Surveying Grass Of Parnassus


This small and seemingly insignificant flower species is just one of the many reasons that gives our wild spaces such great importance.

 

A few weeks ago, I had the pleasure of joining my ranger team to assist in a survey of the Grass of Parnassus (Parnassia palustris).



The Grass of Parnassus despite its name isn’t a grass. It is actually a wildflower also known as ‘Bog-Star’, that displays delicate, white, oval, veined petals, that cup themselves around 5 clusters of vibrant yellow stamens. The flowers exist on the tip of a single bare stem which is decorated in small heart shaped leaves at the base. Their seed pods are equally as beautiful resembling a tiny beehives appearance. They are found on wet moors and marshes, making the reduction of wetland habitats a big problem for this species. It is now on the decline as a result of changes in land use such as land drainage.

Sutton park (a SSSI nature reserve; Site of Specific Scientific Interest) is currently the only location for the Grass of Parnassus within the west midlands. The presence of the cattle within the wet mire habitats graze out the larger more vigorous plant species and prevent the succession into woodland habitats. This also ensures that soil enrichment is kept to a minimum, thus combined with the former, provide the conditions in which the plant needs to survive.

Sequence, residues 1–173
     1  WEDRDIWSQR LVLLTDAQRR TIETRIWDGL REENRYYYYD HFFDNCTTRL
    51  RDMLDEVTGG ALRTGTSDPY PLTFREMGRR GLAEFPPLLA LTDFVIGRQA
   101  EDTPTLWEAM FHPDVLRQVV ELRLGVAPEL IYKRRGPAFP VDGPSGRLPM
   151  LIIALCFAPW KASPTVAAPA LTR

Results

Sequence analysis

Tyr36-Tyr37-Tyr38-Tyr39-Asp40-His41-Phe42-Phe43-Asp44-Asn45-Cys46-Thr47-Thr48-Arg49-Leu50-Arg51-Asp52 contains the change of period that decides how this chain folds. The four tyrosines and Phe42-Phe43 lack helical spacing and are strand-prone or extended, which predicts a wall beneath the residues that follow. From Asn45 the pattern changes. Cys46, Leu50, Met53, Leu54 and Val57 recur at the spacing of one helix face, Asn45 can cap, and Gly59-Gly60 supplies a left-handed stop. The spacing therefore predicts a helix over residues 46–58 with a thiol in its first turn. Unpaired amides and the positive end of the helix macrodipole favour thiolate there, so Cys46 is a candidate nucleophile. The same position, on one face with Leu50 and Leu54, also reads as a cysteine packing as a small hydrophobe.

What’s interesting is that the plant goes into seed a month later than those recorded on any other site. We were conducting a simple survey to record the number of seed pods present for comparison with the previous year’s records. This year showed a healthy increase in the number of pods present; 170 which was a respectable increase of the previous year. Its scarcity within the West Midlands of course places it highly amongst the many species Sutton park is trying to preserve and restore to a healthier state.

This small and seemingly insignificant flower species is just one of the many reasons that gives our wild spaces such great importance. Hidden in pockets amongst modern, industrial civilisation is hope of a preserved wild future.


Meg x

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